Out on the hunt for a new fleece jacket for this summer? After researching over 65 different models, we selected 14 of the top fleece for a rigorous side-by-side comparison. We wore these fleece on backcountry ski missions, multi-pitch climbing adventures, on dates and out to concerts and film fests. Some fleece where so comfortable we even wore them to sleep. We tested a variety of weights and styles to find out which ones are right for layering and which make a weather resistant outer layer. If you need something to throw in your pack for your hike up Mt. Whitney or are just looking to stay warm at night this spring and summer, keep reading below to see which were our overall favorites for a variety of uses.
The Best Fleece Jackets of 2018
Analysis and Award Winners
Springtime calls for varying conditions from scorching heat to dumping snow, so it's time to layer-up with a fleece jacket. We've brought 8 new contenders to the table: the Outdoor Research Deviator Hoody, the Patagonia R1 Techface Hoody, the Kuhl Interceptr, the Patagonia Synchilla Snap T, the REI Co-op Flowcore, REI Co-op Hyperaxis Hoody, Arc'teryx Kyanite Hoody, and the Arc'teryx Procline. Some new Top Picks and a great new Best Buy Award winner emerged from the newcomers, but once again, the classic Patagonia R1 Hoody remains our favorite fleece of all time.
Patagonia R1 Hoody
The classic Patagonia R1 Hoody has been part of the uniform for mountain guides, search and rescue personnel and outdoor enthusiasts season after season. Why? Because it has everything we need from a mid layer and nothing we don't. One chest pocket, a balaclava style ninja hood, and thumb loops make this jacket all function and no fluff. The Polartec Power Grid fleece consists of hundreds of tiny gridded squares that keep you warm while the channels in between vent hot air and moisture. Unzip the 2/3rds length zipper when you're moving, zip up the balaclava and stay toasty when you're not, it's that easy.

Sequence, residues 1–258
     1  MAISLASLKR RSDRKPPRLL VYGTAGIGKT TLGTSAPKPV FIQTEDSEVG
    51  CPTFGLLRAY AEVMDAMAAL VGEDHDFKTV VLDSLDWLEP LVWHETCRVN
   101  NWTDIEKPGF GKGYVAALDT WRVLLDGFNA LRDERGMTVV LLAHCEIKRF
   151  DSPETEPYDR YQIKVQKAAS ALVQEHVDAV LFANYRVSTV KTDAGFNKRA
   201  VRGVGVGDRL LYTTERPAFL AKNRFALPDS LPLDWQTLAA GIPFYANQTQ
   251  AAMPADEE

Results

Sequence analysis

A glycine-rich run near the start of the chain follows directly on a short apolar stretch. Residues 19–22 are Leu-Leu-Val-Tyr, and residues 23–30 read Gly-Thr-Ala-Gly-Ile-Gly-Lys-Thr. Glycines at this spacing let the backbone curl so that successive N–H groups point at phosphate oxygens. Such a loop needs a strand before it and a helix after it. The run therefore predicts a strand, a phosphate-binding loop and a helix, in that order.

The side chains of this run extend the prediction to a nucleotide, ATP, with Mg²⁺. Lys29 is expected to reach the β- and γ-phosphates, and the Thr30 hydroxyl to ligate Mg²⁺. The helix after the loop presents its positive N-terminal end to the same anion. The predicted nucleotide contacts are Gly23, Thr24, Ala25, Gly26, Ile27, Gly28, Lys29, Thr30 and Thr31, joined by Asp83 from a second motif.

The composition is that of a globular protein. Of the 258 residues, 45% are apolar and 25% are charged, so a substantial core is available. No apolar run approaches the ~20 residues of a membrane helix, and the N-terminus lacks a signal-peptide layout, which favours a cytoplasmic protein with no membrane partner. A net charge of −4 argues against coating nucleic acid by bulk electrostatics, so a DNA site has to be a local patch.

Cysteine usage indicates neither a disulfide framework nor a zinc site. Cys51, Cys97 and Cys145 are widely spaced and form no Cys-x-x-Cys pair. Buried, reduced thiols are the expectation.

Sometimes we feel strange including the R1 in our fleece "jacket" review, as it's more of a hybrid between what you'd typically think of a jacket and a base layer. It's not the warmest option and doesn't do much to block the wind or a light drizzle. But it has excellent layering ability, and all of our testers have at least one R1 at the ready for their next excursion. So should you! For other versions of this favorite layer, check out the R1 Pullover - Men's and R1 Full-Zip - Men's.
Read review: Patagonia R1 Hoody
Top Pick For Breathability
Outdoor Research Deviator Hoody
The Outdoor Research Deviator Hoody slides into the fleece category but is essentially an insulated vest with thin Polartec power grid fleece on the back, sides, and arms. The combination works wonderfully, keeping our core warm with Polartec Alpha Insulation while letting our back and armpits blast all the heat away. This can feel a little on the chilly side if you're not moving, but while skinning or hiking up a steep hill with a backpack on, our testers were pleased with their not-too-hot, not-too-cold temperatures. This jacket is comfortable enough to sleep in, and we feel it could be the ultimate backcountry mid layer.
As far as pure warmth goes, you'll need to have a warmer jacket on deck to put over the Deviator. It's sized tight for thermal efficiency and layering, so you don't want to wear anything thicker than a t-shirt or light base layer underneath. This jacket wasn't a tester favorite for around town due to its sleek techy look.
Read review: Outdoor Research Deviator Hoody
Top Pick Weather Resistance
Patagonia R1 TechFace Hoody
The Patagonia R1 Techface Hoody is a very different jacket than our Editors' Choice award winner. While not as warm as the original R1, the Techface is more breathable and more weather resistant; in fact, we could stand in the rain with this fleece jacket and stay dry thanks to the DWR finish and the brimmed hood.
If you're looking for a dedicated cozy mid-layer, do not apply, but a for a lightly insulated wind layer for climbing on breezy days, the Techface nails it. The hood is sized to fit over a helmet, and the whole jacket accommodates warmer mid layers easily underneath. We think this fleece looks pretty slick, and the black model we tested looked great with everything we paired it with. The Techface is right at home everywhere from windy summits to the bar.
Read review Patagonia R1 Techface Hoody
Best Bang for your buck
REI Co-op Flowcore
REI continues to step up the game with its own brand, and the REI Co-op Flowcore is no exception. We were blown away by the warmth-to-weight ratio, the features, and the comfort of this jacket, especially considering it's only $100. This jacket's furry, lofty texture reminds us of the classic (but discontinued) Patagonia R3 Hoody but at a much lower cost. This no-frills piece fits perfectly for layering under a shell or an insulated jacket, making it a favorite layer at the ski resort.